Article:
Kevin Mitnick doesn't look like the kind of guy who could set off a nuclear missile just by whistling into a phone. But at one stage it was believed he might be capable of it.
So much so that the claim was successfully used to help keep him in solitary confinement for eight months during a five-year prison sentence he served in the late 1990s.
Arguably the most famous hacker the world has seen to date, Mitnick was in Dublin this week to perform a live hack at the BT Young Scientist Exhibition at the RDS.
“It’s impossible to ignore my past – it is a key part of who Kevin Mitnick is. But at the same time, I certainly don’t look at myself as though I was some type of super-sophisticated criminal who was trying to harm society,” he says.
“I may have pleaded guilty to felonies but in reality I was just a delinquent doing tons of misdemeanours.”
The 54-year-old, who these days seeks to stay on the right side of the law by working as a cybersecurity specialist, was just 13 when he started hacking into phone systems for fun. A few years later, though he was suspected of stealing valuable software and data from a number of companies such as IBM, Novell, Nokia . Mitnick quickly came to be was seen as such a threat to national security that the US department of justice described him as "the most wanted computer criminal in United States history".
Mitnick laughs as he recalls what happened after he was caught by the FBI in 1995 following a year-and-a-half-long pursuit. Having outwitted FBI agents to such a degree that he was able to wiretap the guys who were chasing him, they tried to throw the book at him – once they apprehended him.
There were many – both at the time and since – who felt that he was treated harshly. Mitnick himself says it was right that he should have been punished for his actions but adds that what he was doing at the time didn’t cause any real harm to anyone and wasn’t at that point illegal either.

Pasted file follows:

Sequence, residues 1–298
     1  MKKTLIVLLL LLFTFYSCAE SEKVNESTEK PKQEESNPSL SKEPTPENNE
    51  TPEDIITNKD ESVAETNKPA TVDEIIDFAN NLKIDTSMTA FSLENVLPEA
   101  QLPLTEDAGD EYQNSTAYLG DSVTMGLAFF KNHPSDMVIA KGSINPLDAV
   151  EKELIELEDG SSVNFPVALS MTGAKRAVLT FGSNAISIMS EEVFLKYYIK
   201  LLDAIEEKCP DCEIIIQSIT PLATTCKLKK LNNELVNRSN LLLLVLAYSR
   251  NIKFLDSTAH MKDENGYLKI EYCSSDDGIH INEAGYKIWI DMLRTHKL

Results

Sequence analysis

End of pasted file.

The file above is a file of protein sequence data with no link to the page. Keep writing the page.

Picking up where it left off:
“They didn’t know what to do [with me] was part of it. Maybe I pissed off the FBI so much by making them look so foolish that they decided to punish me by making my conditions as bad as possible. That’s one line of thought,” says Mitnick on what happened after he was apprehended.
“Another is that the federal judiciary was so naive that they really did believe I could launch nuclear weapons by whistling into a payphone, as was alleged. It is hard to believe anyone in their right mind would have believed that so I don’t know if the judge was stupid, or if the authorities simply wanted to throw the book at me to send a message out about what happens if you engage in the type of behaviour I was engaged in,” he adds.
Having been sentenced to five years after agreeing a plea bargain, the harsh treatment continued for Mitnick after he left prison with a ban on using any form of communications technology other than a landline telephone for a period.
Mitnick, who is from Los Angeles, says that when he started hacking, it wasn’t for the same reasons people do it now.
“The motivation for me was that it was fun and an intellectual challenge but for many hackers now it’s about fraud, espionage and so on. It has become a huge money-making venture.”
Mitnick says it was magic that led him into hacking. He loved fooling friends with tricks and when he was introduced to a fellow youngster who seemed to be able to do magic with phones, he wanted in.
That kid was into phone phreaking, an early form of hacking that involved individuals successfully tapping into telephone systems. Mitnick got into it as well and before long had progressed beyond the basics and was busy hacking into the early computer networks that companies were all adopting.